I am honoured to announce that this week's post is by guest author, Karen Ingalls.
Karen is the author of three books, two of which have won awards.
Her first book, Outshine is about cancer (ovarian specifically) and was written to provide hope and inspiration. It is the winner of the Indie Excellence Book Award.
Novy’s Son is her first novel about a son searching for his father’s love and respect. Unfortunately he used anti-social behaviors of lying and cheating to get his father’s attention.
Karen's second novel, Davida: Model & Mistress is based on the true story of Augustus Saint-Gaudens and his love affair with his model. This book won the Pinnacle Book Achievement Award.
Karen is also a retired nurse and has a master’s degree in human development. She has two blogs, is a member of Rave Reviews Book Club and Rave Writers International Society of Authors, and does public speaking.
Karen is giving away one of her books to a lucky reader who leaves a comment for this blog post. The lucky reader can choose which of Karen's books they would like to receive.
Karen has written a very interesting piece which will appeal to the author in all of us and hopefully help us to get a move on writing our first or next book!
WHERE, WHEN, & HOW by Karen Ingalls
I ask the question: where, when, and how do you write? It is interesting to read the different answers from well-known and new authors. The answers to these questions may inspire or have you re-think or say, “I am satisfied and happy with my answers to those questions.
According to a blog from WiseInk (www.wiseinkblog.com) here are some suggestions of places to write and/or be inspired
Many of these places provide opportunities to observe people’s behaviors, the way they are dressed or interact with others, and to listen to their conversations. Other places, such as Grandma’s house can give you stories.
For me, I often go to the coffee shop, especially when I need to concentrate. I am away from home distracted by chores I should or could be doing. There I have my favorite chai latte, people watch to some degree, and enjoy the ambience of no music or television.
J.K. Rowling did most of her writing at The Elephant House in Edinburgh, Scotland. The Vesuvio Café in San Francisco is where Jack Kerouac and Allen Ginsberg did their writing. Author, Carole Radziwill finds inspiration in the lobby of the Mercer Hotel in New York City.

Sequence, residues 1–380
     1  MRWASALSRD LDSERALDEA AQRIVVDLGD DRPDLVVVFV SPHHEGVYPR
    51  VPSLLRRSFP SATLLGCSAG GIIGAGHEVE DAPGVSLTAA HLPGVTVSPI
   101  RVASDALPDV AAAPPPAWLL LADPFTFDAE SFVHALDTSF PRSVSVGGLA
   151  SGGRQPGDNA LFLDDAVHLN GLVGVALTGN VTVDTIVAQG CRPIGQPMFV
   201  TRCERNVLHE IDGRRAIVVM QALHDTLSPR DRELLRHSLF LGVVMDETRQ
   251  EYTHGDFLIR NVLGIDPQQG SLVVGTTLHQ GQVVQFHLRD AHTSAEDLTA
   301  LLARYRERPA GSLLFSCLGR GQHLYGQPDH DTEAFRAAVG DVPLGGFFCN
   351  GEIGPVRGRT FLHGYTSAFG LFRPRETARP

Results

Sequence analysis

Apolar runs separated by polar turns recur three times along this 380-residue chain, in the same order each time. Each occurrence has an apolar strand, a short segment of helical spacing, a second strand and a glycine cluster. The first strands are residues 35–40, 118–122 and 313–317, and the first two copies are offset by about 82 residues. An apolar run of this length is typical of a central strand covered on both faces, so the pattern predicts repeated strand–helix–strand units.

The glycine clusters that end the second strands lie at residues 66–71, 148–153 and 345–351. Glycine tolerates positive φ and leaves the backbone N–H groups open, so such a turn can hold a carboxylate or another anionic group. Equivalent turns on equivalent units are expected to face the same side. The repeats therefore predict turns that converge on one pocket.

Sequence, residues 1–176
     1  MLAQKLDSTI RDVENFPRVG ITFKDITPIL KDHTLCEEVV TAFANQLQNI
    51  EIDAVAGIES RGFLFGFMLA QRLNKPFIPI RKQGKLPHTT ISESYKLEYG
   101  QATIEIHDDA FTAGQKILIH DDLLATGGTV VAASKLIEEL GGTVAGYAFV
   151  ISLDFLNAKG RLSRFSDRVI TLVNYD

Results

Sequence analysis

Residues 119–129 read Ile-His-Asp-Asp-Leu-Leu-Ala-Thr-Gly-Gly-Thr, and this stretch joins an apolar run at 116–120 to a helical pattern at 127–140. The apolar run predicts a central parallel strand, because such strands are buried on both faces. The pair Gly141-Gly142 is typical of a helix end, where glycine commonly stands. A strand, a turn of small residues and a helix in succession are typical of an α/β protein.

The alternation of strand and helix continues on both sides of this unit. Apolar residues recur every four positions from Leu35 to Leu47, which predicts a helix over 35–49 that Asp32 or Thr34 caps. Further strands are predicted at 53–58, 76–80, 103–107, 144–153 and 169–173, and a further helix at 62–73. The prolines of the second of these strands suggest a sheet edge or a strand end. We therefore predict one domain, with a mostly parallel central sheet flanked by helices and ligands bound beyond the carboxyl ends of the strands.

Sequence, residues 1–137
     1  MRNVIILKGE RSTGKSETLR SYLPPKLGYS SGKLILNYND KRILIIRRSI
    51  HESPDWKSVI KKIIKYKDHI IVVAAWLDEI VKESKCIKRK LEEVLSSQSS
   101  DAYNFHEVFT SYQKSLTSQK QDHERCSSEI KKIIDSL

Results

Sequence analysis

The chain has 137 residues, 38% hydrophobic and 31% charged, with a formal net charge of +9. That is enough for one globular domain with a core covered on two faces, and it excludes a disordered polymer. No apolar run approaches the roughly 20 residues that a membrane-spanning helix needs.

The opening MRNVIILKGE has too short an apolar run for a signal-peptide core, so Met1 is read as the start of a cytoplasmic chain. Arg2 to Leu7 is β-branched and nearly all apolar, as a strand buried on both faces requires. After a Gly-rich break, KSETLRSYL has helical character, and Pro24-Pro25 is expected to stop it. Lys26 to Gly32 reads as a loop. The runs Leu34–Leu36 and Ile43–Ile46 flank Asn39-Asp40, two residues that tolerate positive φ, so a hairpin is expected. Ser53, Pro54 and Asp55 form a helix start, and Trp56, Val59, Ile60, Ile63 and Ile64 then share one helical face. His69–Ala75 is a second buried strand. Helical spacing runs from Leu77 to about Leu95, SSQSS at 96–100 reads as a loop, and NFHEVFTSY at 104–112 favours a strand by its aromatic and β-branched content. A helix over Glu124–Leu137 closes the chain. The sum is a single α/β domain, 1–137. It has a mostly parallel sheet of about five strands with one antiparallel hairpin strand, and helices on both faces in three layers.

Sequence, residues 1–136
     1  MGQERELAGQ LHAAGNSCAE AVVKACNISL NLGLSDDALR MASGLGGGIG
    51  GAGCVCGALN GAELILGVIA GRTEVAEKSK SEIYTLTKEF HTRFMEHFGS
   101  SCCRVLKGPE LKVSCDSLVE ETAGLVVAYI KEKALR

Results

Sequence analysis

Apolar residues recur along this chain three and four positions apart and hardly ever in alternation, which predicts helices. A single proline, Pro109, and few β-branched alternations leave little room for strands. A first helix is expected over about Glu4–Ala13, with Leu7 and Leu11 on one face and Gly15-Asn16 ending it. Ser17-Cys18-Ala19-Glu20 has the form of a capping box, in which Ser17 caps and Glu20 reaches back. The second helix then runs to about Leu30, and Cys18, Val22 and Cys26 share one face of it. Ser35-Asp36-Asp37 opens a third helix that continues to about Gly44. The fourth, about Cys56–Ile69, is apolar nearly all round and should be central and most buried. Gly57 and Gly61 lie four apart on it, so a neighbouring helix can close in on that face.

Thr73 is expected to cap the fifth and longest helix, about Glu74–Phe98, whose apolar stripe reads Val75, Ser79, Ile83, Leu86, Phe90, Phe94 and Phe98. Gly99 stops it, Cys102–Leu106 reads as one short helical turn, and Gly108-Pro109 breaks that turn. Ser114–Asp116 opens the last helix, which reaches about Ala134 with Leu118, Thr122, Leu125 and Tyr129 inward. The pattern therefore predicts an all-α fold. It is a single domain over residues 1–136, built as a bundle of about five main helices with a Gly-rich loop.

My biggest challenge is either finding or taking the time to write. Sometimes in the early morning hours, I creep out of bed attempting to not disturb my husband, and that is often a quality time to write. When activity in the house is quiet and doesn’t involve me, I am at the computer writing. Otherwise I must schedule myself for an outing to the coffee shop and just say to myself, “It is more important that I write than do laundry, shopping, cooking, or whatever.”
Author Haruki Murakmi states, “When I am in a writing mode for a novel, I get up at four a.m. and work for five to six hours.”
Ernest Heminway is similar when he shared in an interview with George Plimpton, “When I am working on a book or a story I write every morning as soon after first light as possible.”
“I awake at 5:30, work until 8:00, eat breakfast, work until 10:00….” This is from a letter Kurt Vonnegut wrote to his wife in 1965.
In contrast to most writers, Maya Angelou said, “I keep a hotel room in my hometown and pay for it be the month. I go around 6:30 in the morning. I have a bedroom, with a bed, a table, and a bath.”
Tied in closely to the when is how we each of us writes. I always have an outline, but not detailed, a list of characters, and a timeline. I write in Word finding it easier that using Scrivner. Then, I let my fingers go and not let my mind become cluttered with punctuation, spelling, or grammar. That comes after the first draft is done. If there are references I am using, I mention them immediately just as I have done here for this blog.
"Read it aloud to yourself because that's the only way to be sure the rhythms of the sentences are OK (prose rhythms are too complex and subtle to be thought out—they can be got right only by ear)." — Diana Athill
Quentin Tarantino “writes screenplays by hand. He buys a notebook and a bunch of red and black felt pens.”
J.K. Rowling “drafted her famous series about the boy wizard, she used good old-fashioned loose-leaf paper and pen.”
The long and short of it is that there are many ways to write. The important thing is that the writer does it in a way that feels right for him or her. Writing is a beautiful and enjoyable part of my life. The where, when, and how I write is my own individual way. Explore what is best for you.
I wish to say a big Thank You to Karen for writing her article for my blog post this week. I am truly honoured to have Karen participate in my blog.
Karen's Books (Click on the cover image for more information about each book on Amazon)